Carlos Rodriguez: The ILTA website has interviews with conference leadership and those articles contain more useful tips.
What advice do you have for conference attendees?
Too many choices! That was the reaction of one ILTA 2010 attendee. And, he is an ILTA Conference veteran. For the newcomer, those choices can seem overwhelming. The availability of so many educational options is a testament to the marvelous work done by my colleagues on the Conference Planning Committee and the ILTA staff, but that still doesn’t make it easier when several interesting sessions are scheduled for the same time slot. What’s a conscientious attendee to do?
Here are some tips to consider:
- *Download the ILTA10 Mobile App or Mobile Website to have immediate electronic access to the schedule, conference center map, speaker info, conference news and updates, and much, much more.
- *Set up your online itinerary or download session appointments for your Outlook Calendar.
- *If you’re facing a scheduling conflict, go to the session that offers the best of the following options: experienced, engaging speakers and the chance for audience participation. This is one of the better ways to ensure you learn.
- *Choose a session that promises new information or new ideas over a session in an area that you know extremely well. One of the great benefits of an educational conference like this is to broaden your horizons.
- *Still can’t choose? Take a look at the session resource materials posted in the detailed session descriptions on the ILTA website. That should give you an idea of what the session is intended to cover.
- *If you have a colleague who takes excellent notes, ask if he or she can attend the session and then share their notes.
- *Alternatively, follow the session hashtag on Twitter to catch contemperaneous commentary on individual sessions. You can find hash tag information in the detailed session descriptions posted on the conference website.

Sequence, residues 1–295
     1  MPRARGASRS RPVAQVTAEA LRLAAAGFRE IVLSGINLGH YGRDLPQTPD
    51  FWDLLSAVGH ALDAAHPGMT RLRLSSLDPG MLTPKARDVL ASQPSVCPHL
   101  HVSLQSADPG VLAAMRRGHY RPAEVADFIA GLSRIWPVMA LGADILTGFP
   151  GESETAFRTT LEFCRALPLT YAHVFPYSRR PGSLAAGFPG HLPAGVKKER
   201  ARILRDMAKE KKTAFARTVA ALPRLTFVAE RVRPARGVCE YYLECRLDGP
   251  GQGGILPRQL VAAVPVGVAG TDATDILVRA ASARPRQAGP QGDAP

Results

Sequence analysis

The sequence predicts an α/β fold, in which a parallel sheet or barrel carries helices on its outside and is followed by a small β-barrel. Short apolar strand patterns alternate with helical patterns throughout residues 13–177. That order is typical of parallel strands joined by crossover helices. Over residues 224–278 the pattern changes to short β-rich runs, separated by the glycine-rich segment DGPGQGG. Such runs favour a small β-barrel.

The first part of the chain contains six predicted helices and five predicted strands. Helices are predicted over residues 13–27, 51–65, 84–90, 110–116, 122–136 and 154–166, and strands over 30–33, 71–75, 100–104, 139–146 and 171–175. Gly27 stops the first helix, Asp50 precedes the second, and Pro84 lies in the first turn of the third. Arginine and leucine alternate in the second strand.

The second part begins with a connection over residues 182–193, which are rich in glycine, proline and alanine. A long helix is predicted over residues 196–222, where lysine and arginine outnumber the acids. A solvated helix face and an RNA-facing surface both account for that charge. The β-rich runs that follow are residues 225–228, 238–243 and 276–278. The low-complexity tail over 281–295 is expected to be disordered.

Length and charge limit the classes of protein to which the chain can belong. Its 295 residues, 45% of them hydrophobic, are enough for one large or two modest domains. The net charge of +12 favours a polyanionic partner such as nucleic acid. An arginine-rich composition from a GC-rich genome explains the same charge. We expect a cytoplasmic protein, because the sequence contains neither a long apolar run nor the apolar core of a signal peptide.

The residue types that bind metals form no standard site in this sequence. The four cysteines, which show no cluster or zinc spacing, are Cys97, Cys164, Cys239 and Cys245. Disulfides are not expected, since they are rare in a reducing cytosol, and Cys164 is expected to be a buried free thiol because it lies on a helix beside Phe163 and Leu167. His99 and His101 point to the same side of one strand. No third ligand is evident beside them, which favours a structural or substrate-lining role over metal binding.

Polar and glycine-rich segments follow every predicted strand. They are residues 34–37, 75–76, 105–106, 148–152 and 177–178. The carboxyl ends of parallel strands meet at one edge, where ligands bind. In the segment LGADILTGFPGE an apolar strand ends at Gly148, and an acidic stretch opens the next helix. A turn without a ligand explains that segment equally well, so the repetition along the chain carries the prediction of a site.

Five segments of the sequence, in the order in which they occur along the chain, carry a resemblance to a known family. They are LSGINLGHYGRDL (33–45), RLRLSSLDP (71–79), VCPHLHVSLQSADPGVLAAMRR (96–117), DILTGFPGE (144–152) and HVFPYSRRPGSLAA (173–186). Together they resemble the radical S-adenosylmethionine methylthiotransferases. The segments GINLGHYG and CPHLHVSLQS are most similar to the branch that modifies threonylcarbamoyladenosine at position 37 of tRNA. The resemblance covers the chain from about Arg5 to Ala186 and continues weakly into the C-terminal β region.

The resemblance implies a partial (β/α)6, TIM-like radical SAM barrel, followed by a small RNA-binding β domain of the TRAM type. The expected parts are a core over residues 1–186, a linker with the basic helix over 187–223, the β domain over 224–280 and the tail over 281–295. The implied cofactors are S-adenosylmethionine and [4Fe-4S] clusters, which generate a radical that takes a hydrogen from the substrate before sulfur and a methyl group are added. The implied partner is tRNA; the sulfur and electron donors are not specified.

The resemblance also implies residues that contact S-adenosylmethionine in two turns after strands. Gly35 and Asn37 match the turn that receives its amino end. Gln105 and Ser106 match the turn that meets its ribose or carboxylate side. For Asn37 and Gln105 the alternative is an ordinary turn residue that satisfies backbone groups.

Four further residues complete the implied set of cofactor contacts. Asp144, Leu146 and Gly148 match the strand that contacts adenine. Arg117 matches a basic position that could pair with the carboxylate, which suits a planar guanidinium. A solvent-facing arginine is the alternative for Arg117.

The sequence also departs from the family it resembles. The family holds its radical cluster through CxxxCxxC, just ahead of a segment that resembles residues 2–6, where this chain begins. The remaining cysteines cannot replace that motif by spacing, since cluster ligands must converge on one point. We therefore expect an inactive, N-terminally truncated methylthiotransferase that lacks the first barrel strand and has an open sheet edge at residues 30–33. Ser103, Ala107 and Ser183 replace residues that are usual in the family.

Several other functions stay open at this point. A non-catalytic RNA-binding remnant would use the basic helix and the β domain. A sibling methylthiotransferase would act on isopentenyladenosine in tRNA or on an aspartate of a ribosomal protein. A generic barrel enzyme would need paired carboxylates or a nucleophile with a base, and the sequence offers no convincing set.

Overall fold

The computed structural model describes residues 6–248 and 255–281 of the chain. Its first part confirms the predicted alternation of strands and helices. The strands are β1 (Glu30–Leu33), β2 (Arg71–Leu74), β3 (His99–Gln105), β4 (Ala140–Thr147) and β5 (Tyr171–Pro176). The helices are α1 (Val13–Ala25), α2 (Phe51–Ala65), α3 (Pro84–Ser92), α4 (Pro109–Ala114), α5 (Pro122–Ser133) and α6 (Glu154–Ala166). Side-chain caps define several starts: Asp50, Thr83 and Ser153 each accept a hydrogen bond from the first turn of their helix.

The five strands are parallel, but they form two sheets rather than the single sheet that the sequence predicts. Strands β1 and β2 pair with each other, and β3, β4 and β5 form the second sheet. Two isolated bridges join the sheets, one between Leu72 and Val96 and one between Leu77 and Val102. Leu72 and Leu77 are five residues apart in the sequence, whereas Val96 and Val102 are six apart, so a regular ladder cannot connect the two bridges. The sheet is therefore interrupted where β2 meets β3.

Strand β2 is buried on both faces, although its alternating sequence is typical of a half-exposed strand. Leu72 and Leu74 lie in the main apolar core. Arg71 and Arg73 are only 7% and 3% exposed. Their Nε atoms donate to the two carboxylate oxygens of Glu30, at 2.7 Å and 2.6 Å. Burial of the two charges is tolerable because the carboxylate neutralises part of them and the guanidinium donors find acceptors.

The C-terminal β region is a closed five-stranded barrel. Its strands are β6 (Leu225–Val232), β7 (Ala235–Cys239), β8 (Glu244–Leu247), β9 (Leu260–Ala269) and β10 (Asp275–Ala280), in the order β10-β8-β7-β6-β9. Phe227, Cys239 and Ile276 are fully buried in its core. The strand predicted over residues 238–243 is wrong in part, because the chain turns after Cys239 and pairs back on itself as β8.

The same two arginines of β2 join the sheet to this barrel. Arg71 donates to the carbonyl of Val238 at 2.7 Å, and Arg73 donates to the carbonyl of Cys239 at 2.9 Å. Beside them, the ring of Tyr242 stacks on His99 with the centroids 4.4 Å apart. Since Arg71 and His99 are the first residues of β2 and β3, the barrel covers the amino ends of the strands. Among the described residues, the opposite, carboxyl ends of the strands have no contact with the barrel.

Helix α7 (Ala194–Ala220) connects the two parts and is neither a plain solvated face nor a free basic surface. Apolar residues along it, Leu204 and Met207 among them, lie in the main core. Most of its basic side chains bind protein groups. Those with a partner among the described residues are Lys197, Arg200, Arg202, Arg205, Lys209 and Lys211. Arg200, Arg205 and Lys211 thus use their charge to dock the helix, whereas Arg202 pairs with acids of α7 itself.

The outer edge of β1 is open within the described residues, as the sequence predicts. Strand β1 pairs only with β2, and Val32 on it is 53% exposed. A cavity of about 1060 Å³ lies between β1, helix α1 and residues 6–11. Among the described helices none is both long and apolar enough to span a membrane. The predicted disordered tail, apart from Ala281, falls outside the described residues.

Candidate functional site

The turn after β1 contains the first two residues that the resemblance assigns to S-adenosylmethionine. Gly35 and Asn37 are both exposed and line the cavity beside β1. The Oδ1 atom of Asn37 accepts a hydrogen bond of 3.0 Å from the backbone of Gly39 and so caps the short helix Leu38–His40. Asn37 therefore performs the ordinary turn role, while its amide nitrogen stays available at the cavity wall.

- *Yet another approach is to follow bloggers who are reporting on the conference this week. (Yes, this is shameless self-promotion! To make it a little less self-referent, please post a link to your blog in the comments below if you are reporting on ILTA10 sessions. Thanks!)
- *Keep a list of the sessions you can’t attend and then look for the session recordings when you get back home. Those recordings, coupled with the resource materials posted for sessions on the website should give you a pretty good idea of what was discussed. (Note: these recordings are available for purchase after the conference.)
- *Sometimes popular sessions are reprised after the conference via an ILTA webinar. Look for those in your periodic ILTA e-mail updates.
Are there other tips you’d suggest for navigating the rich conference schedule and optimizing your educational experience?
- For a variety of reasons, I have to take a ton of gear with me to ILTA — several mobile devices, a laptop, thumb drives, cables and all the other tech accoutrements. This is on top of the clothes and paraphernalia of life that I’ll need to carry for a week away from home. Consequently, I’ve been trying to figure out how to pack all of this in an efficient way that is least likely to trigger those aggravating airline extra charges. Sometimes it’s tempting to think that all one needs is the perfect bag. In truth, what’s important is to figure out exactly what one truly needs to carry. Unfortunately, that can often seem more daunting than the endless quest for the perfect bag.
- Reading the headlines today, I came across the story of Rolf Potts who has begun a trip around the world without any luggage. Since I have trouble going around the corner (much less to the ILTA Conference) without several bags, I must admit I find his approach mind-boggling. Nonetheless, it’s worth considering how little one really needs to carry – provided, of course, you have enough pockets and cash.